Sixty years ago, college students who worked part-time during the school year and full-time at the minimum wage during the summer pay tuition, fees, and most rooms and boards at a typical public four-year college. I was able to. , According to the Urban Institute. Today, the same amount of work at the minimum wage covers only 57% of college tuition and fees, and 27% of room and board and other costs.

Jacob Mesman, a sophomore in geography and African-American and African-American studies, works from 1 am to 5 am at the front desk of the Dracquet Tower. He helps the locked out students, answers residents’ questions, and asks visitors to wear masks properly.

Mesman earns $ 9.30 an hour, but he said he couldn’t make any more by working overnight or on holidays, and that’s not enough.

“I will be paid for hunger wages,” Mesman said. “I sacrifice sleep, grades, and social life to work.”

Mesman said student workers are the “lifeline of the university” and ensure that everything goes smoothly. One day he asked what would happen if no one went to work.

Some jobs on campus pay higher wages. For example, student bus drivers start at $ 14 an hour, and college medical center employees earn $ 15 an hour. But Parker said it was a matter of principle to pay more to all student workers.

Instead of paying more for student workers, Parker said Ohio State University has a contract with a third-party employer called Upshift, which connects adults with part-time jobs in the area. He said the base fee for those jobs was $ 18 an hour.

According to Johnson, the university worked with Upshift in 2020 to meet short-term and temporary needs.

“Wages are determined by the market and other factors,” Johnson said. “The individuals referred through the Upshift app are not university employees. Students interested in this type of temporary work should apply directly to Upshift.”

The COVID-19 pandemic has radically changed the number of jobs many Americans see, and it did not exclude college students.

Students at the University of Minnesota called on the school in November 2021 to raise the minimum wage for student workers. In March 2021, more than 120 student workers at Kenion University in Gambia picketed the campus, saying the university had exploited student labor and practiced injustice. Labor policy during a pandemic that adversely affects some student workers. Since February 2020, graduate students from Columbia University, the University of Michigan, and the University of California, Santa Cruz have held at least three strikes.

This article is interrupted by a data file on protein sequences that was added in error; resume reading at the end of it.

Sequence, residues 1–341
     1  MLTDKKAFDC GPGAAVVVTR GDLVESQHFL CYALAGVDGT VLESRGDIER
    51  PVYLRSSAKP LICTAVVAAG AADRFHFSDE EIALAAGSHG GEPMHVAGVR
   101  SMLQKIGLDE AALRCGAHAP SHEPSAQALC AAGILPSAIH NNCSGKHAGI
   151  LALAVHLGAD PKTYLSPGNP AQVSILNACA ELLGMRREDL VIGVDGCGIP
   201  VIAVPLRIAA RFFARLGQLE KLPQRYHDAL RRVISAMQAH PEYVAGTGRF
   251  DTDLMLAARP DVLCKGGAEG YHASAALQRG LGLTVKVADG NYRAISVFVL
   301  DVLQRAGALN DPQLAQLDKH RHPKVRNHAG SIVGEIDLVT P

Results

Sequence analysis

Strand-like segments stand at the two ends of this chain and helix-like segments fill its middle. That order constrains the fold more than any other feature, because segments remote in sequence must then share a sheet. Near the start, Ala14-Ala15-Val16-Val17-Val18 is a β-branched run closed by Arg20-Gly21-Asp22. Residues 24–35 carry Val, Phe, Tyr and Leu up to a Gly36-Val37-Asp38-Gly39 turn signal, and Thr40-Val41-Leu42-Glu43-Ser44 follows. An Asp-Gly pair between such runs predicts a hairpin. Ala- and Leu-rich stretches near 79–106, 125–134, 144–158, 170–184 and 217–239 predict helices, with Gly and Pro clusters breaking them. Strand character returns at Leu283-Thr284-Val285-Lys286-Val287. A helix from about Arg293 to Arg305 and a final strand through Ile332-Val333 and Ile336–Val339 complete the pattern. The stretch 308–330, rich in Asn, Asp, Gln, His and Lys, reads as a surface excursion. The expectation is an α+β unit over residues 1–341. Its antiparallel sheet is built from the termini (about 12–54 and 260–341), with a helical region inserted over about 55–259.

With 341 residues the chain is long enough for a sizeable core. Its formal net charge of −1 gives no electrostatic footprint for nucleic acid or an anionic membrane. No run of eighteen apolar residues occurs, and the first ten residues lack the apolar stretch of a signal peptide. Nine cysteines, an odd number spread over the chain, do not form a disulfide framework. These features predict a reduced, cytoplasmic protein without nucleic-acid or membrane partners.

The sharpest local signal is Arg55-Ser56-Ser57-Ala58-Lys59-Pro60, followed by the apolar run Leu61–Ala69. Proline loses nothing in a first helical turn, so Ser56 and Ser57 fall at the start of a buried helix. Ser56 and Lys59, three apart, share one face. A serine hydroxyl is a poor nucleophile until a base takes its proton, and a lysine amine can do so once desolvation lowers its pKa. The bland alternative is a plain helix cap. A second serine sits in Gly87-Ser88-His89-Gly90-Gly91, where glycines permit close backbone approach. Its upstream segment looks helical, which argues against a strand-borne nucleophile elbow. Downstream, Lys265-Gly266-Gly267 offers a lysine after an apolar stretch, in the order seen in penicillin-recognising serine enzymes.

Ohio State University students aren’t trying to form a union at this time, Parker said, but protesters are in contact with union organizers at Kenion and other smaller schools.

Although they have protested under various circumstances, Parker said Kenion’s union strike was “incredibly exciting.”

Ohio student protesters marched across the campus to Scott Dining Hall. We spoke with more student workers and Morgan Harper, a lawyer running for the Ohio Democratic Party in the US Senate.

Parker said he hopes Ohio State University leaders will listen to the demands of student workers. He said it was time for change between inflation making everyday life more expensive and rising tuition fees.

“It’s easy to handle all of this,” he said.

Mark Stansbury on the left, a member of the American Local 4502 Communication Worker, is outside the Student Union of Ohio State University Student Workers, who wants the university to raise the minimum wage for student workers to $ 15 per hour. I will talk on Friday in protest at.

Mark Stansbury on the left is a member of the Communication Workers of America Local 4502 and is outside the Ohio Student Union by Ohio State University student workers who want the university to raise the minimum wage to $ 15 per hour. I’ll talk on Friday in protest.

Demand a higher minimum wage on campus

Ohio State University Student Workers Organize Protests

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PCHFH Bingo Is Scheduled for February 10th



Ottawa-Putnam County Human Habitat will host “Date Night: Tool & Purse Bingo” on Thursday, February 10th at VFW Post 9142, 212 W. Second St. All evening revenues support PCHFH’s new and important homes. Repair program.

“Habitat for Humanity is about building hope,” said Anne Coburn Griffith, Executive Director of PCHFH.

The master of the night ceremony is Big Kahuna from 106.3 The Fox. The organizers will also offer a $ 1 ticket, 50/50, and sweetbox prizes for a basket lottery that highlights local businesses, experience, and craftsmanship.

The door opens at 5 pm The game starts at 6 pm

Tickets are $ 35. Eight tables can be booked for $ 280. Tickets are 150 N. Oak St via You can purchase by mailing a check to Putnam County Habitat for Humanity, sending a message on Facebook, or calling the office at 419-523-9621.

Secretary Anne Coburn Griffith and Executive Secretary Karen Meyer of the Patnam County Habitat of Mankind are surrounded by power tools and designer handbags to be featured at Tools & Perth Bingo on Thursday, February 10.

PCHFH Bingo is scheduled for February 10th